Try to avoid following your toddler around while trying to shove food into their mouths. Instead, let them feed themselves. It might be a messy idea, but teaching them early on feeding themselves can help develop their food awareness, improve their motor skills, and encourage independence. A toddler will typically know when they have had enough, so don’t try and make them finish their meal if they’ve stopped eating. Doing so may lead to overfeeding or vomiting. 

3. Physical Activity 

Encouraging your toddlers towards regular physical activity isn’t hard. After all, they spend most of their time engaging in different physical activities. Toddlers need at least 30 minutes of physical activity as their regular exercise.  

Physical activities can vary, and they don’t have to be complicated or elaborate. These can be as simple as taking your child for a walk in the park or playing in your backyard. Playing is already a great form of exercise for children as it helps develop their motor skills, sharpens their creativity and critical thinking, as well as offering an avenue for learning.  

As soon as your child’s attention span widens, this will be a perfect opportunity for you to introduce them to new activities, such as biking, swimming, and other sports. Toddlers are naturally curious, so introducing them to new activities should not be difficult at all. 

4. Health And Safety 

One of the biggest challenges you’ll face when raising toddlers is their newfound mobility. During toddlerhood they’ll discover how to walk, run, climb, and jump but without a commensurate sense of self-preservation. Leaving a toddler unattended for a few minutes can be dangerous. To keep your child safe you should make sure to keep an eye on them at all times, especially during their playtime. 

It’s also essential that you schedule regular doctor visits for your toddler , both for health issues and to ensure that they are reaching all their milestones and developing normally.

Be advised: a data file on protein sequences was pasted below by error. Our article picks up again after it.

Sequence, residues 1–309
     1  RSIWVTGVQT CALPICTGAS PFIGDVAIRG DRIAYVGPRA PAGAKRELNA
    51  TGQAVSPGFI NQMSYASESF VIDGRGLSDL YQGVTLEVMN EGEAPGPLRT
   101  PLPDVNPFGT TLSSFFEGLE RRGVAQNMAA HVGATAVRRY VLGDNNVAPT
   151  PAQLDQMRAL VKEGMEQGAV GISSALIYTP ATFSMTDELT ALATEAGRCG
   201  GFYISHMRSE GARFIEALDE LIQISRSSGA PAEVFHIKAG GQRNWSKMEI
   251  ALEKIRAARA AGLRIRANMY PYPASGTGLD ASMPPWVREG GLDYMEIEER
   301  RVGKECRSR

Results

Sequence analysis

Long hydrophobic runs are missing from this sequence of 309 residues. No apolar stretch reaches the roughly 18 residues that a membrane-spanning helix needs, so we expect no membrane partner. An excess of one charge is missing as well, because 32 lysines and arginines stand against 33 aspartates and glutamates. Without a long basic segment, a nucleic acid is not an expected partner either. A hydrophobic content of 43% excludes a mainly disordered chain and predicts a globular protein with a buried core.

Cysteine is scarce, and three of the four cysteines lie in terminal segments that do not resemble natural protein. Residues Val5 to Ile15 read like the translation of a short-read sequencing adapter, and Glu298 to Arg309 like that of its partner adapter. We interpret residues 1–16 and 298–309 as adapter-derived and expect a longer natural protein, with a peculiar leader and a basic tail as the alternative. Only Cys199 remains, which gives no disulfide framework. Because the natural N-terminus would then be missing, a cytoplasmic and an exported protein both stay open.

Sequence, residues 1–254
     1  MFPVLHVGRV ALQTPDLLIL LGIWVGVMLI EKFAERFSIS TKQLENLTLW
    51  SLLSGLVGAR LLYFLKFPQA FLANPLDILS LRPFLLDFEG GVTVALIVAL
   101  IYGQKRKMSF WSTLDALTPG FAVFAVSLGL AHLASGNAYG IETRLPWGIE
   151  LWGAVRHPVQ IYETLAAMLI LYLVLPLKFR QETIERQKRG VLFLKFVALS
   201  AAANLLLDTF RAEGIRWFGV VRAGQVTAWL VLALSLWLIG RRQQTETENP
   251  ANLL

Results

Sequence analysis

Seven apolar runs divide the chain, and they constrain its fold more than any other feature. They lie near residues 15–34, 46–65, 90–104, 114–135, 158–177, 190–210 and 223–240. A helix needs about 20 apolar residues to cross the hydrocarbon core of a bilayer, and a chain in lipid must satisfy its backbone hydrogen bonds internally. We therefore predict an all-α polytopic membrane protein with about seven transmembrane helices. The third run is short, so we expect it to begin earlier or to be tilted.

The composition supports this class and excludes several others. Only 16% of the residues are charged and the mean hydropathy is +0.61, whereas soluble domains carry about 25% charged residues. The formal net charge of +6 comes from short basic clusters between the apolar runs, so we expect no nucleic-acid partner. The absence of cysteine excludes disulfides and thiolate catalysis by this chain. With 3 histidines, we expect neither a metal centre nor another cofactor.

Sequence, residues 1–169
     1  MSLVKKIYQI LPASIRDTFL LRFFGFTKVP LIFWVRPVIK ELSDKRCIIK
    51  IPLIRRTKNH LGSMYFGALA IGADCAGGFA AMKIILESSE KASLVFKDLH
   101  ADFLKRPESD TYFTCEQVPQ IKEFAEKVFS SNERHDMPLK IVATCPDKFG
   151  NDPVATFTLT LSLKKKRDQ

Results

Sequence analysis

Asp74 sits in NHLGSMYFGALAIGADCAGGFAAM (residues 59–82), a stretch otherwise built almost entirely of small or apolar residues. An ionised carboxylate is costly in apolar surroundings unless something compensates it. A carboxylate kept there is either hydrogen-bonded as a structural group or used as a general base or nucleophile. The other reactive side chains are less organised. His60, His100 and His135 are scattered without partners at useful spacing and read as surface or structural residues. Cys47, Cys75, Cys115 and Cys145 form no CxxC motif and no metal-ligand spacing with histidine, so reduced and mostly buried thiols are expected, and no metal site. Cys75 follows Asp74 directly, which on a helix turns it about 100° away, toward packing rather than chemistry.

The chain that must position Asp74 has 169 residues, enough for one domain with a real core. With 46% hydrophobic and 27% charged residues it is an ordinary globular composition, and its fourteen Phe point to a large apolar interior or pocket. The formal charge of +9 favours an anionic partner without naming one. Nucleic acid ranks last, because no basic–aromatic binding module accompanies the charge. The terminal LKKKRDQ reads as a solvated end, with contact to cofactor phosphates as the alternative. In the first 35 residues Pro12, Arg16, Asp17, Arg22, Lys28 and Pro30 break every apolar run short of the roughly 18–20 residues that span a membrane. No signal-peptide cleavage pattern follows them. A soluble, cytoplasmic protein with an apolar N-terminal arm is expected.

If you have any concern regarding your child’s growth, sleeping habits, diet, or behaviour, it’s always best to schedule an appointment with your paediatrician.

5. Sleep 

Sleep issues in toddlers are common and may be one of the most difficult struggles you encounter during their growth. Toddlers need at least 12-14 hours of sleep a day. You need to establish a sleeping routine for your child every night and ensure you help them stick to the routine. 

You should also try to establish an afternoon nap routine for them. For example, if your toddler typically wakes up at 8am you might schedule their nap at around 12:30 to 1 in the afternoon lasting for two or three hours. 

A daytime nap and 12 hours sleep at night should provide adequate sleep for your toddler. Remember, when your child doesn’t get enough sleep it may lead to crankiness, tantrums. Ensuring your child gets enough sleep is not only good for them, it’s essential for parental well being as well - if your toddler isn’t sleeping it’s unlikely you will be getting adequate sleep either.

If you have any concerns about your toddler, concerning their physical activity, diet, sleep or lack thereof, don’t hesitate to make an appointment to see your doctor or paediatrician. It’s always better to be safe than sorry. No matter the time of day, you can search for and book healthcare appointments online through MyHealth1st